12/22/2011 2:54PM

Magali Farms hopes Giacomo as popular with mares as he is with fans

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Barbara D. Livingston
Magali Farms manager Tom Hudson is optimistic Giacomo will be booked to 70 to 80 mares this season.

In recent months, visitors have arrived unannounced at Magali Farms on Casey Avenue in Santa Ynez, Calif., with one objective – a chance to meet 2005 Kentucky Derby winner Giacomo.

“It’s amazing the amount of following he has from the general public,” said Magali Farms manager Tom Hudson.

“He’s great with people. We show him in the walking ring and he stands and poses. People get their picture taken with him. Everybody wants to pet a Kentucky Derby winner.”

Having a famous Thoroughbred ambassador is a source of pride for Magali, but it is not the farm’s main objective. Hudson and the rest of the Magali team are hoping that Giacomo is also well-received by California mare owners in the upcoming breeding season.

Giacomo will stand his first season at stud in California in 2012, for a fee of $5,000. He stood at Adena Springs in Kentucky for his first five seasons at stud, and was sent to Magali in the fall. Giacomo, 9, is the only Kentucky Derby winner standing in the state.

California breeders are notorious for arranging matings later in the breeding season than their counterparts in other states, but Hudson says the phones at Magali have been ringing of late.

“We’ve had a lot of calls, which is unusual for this time of year,” he said.

Hudson expects a large group of mares for Giacomo. He said he will be “extremely disappointed” if Giacomo fails to get a book of 70 to 80 mares. Interest in the stallion will be boosted by the familiarity that California owners and breeders have with the horse, who was based in Southern California during his career.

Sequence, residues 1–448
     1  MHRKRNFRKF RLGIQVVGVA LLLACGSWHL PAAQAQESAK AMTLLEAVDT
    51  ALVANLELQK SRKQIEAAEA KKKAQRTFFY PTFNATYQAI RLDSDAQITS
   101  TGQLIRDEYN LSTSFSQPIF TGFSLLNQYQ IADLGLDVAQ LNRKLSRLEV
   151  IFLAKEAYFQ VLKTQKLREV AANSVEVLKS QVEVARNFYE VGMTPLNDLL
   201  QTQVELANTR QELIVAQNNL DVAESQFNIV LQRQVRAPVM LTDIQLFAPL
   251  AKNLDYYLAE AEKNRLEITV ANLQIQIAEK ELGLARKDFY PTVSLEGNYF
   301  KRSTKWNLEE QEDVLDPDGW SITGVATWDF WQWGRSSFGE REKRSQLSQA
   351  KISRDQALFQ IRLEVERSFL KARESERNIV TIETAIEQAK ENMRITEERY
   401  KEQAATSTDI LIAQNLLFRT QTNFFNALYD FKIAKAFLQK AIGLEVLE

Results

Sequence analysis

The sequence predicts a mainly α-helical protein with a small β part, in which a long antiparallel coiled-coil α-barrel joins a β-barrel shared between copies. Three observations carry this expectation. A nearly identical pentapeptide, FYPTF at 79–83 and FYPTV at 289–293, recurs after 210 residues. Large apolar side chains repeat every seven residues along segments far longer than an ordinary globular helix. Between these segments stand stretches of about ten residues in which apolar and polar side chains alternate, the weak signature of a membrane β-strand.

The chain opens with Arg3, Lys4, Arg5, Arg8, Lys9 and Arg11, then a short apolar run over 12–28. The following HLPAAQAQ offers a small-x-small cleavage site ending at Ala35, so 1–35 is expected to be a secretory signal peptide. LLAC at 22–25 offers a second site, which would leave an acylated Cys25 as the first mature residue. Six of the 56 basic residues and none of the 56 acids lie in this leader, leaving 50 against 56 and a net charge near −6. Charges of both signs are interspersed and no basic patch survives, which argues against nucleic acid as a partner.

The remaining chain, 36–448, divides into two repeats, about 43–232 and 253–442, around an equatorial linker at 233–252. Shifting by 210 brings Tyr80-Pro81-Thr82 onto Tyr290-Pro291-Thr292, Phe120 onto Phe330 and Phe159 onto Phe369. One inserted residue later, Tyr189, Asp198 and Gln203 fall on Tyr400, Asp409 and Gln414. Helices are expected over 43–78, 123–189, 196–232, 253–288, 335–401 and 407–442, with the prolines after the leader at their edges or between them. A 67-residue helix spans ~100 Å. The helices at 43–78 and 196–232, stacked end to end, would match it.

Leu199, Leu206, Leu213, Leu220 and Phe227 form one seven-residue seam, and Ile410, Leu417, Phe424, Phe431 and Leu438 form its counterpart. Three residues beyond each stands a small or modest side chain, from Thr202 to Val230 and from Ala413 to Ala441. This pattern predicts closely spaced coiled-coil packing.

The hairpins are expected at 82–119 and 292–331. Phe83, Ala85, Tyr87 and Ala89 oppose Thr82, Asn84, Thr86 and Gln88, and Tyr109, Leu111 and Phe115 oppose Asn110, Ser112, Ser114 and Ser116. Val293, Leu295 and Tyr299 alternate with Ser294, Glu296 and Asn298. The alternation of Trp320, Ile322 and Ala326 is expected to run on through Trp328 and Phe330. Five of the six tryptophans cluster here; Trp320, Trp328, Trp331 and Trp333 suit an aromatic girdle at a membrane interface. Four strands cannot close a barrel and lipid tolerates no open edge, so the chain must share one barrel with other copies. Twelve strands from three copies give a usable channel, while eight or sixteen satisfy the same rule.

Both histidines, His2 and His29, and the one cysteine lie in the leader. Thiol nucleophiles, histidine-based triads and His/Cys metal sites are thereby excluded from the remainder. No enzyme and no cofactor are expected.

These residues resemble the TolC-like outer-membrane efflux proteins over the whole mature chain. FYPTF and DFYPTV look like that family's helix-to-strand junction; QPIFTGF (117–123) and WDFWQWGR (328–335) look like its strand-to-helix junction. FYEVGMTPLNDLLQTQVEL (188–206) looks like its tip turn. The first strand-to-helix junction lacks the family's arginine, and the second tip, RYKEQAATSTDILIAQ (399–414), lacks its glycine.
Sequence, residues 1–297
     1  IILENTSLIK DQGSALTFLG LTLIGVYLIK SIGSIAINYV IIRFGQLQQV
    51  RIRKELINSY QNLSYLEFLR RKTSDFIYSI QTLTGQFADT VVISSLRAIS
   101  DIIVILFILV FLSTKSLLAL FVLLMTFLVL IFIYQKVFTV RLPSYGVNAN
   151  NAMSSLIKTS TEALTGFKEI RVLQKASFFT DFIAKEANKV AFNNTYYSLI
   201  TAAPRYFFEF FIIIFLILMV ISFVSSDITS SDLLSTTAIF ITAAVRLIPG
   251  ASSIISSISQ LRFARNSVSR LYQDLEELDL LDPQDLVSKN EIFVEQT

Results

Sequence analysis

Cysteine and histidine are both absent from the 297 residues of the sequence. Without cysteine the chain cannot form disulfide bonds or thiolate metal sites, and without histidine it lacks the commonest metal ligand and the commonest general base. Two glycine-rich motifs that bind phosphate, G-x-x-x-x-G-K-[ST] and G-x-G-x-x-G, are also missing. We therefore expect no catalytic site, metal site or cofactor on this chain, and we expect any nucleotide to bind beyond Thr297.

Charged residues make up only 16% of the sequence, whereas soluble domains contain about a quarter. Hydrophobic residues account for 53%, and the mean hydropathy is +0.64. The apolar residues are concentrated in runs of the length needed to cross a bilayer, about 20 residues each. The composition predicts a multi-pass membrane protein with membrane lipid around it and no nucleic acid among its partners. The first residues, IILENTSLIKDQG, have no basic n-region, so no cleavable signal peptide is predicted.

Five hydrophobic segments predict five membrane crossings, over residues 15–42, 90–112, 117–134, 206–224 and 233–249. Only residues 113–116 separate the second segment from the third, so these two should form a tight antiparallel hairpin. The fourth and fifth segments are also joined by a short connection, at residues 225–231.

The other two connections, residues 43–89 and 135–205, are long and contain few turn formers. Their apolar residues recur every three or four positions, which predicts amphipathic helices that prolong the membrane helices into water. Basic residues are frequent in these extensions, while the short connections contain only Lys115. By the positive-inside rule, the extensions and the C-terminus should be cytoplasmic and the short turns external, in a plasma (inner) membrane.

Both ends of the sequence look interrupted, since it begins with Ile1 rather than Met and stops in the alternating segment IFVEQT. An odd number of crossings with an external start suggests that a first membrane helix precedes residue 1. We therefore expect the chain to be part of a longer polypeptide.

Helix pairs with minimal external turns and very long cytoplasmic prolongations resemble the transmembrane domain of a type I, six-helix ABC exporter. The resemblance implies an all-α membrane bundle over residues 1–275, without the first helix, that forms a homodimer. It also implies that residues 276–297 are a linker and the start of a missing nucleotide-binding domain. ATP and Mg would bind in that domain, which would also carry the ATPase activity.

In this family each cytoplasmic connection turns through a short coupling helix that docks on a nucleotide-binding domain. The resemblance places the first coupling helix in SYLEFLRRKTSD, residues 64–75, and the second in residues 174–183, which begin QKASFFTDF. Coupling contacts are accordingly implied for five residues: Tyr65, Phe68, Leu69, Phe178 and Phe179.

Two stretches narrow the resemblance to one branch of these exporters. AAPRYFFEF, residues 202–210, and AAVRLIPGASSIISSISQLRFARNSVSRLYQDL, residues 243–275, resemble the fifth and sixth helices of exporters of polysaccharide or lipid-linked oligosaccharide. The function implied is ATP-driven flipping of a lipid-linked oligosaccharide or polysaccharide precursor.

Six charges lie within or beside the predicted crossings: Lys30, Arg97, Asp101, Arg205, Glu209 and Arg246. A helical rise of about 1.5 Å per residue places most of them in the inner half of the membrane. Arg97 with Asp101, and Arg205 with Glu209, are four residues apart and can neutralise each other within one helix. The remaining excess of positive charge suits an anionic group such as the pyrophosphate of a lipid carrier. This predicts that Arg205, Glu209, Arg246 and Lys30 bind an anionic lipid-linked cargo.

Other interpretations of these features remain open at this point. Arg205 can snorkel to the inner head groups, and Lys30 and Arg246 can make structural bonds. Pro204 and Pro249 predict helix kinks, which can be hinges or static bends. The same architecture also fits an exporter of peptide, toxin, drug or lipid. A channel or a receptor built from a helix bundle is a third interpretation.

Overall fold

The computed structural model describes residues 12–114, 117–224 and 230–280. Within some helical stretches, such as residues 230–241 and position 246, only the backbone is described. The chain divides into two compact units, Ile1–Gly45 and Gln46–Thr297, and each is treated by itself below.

Giacomo won 3 of 16 starts and $2,537,316 in his career. At 2, he was second in the Grade 1 Hollywood Futurity. At 4, he won the Grade 2 San Diego Handicap at Del Mar.

In addition, Giacomo’s current crop of 2-year-olds is promising. Disposable Pleasure overcame trouble to win the Grade 2 Demoiselle Stakes at Aqueduct in late November to become his first graded stakes winner in the United States.

Hudson hopes Disposable Pleasure can give Giacomo a further boost before breeding season begins in mid-February.

“I figure she’ll run one more time before breeding and we can get lucky,” he said.

From a technical point of view, Hudson said that Giacomo’s bloodlines – Holy Bull out of Set Them Free, by Stop the Music – should appeal to breeders whose mares have Northern Dancer and Mr. Prospector pedigrees.

“He’s a total outcross,” Hudson said. “He’s a good grade on the nicking pattern.

“He’s unbelievably put together. Out in the pasture, running around on his own, when he’s trotting, he looks like an upper level dressage horse.”

This year, Giacomo has progeny earnings of $1,429,884, which left him ranked 14th among California stallions through Dec. 17. He has 47 winners and four stakes winners this year.

Those statistics mean more to horse racing insiders than the fans who visit Magali. Some have come from as far away as northern San Diego County, Hudson said.

“There was one group of 30 people,” Hudson said. “We tend to have them almost every day. It’s great to have a horse that people remember.”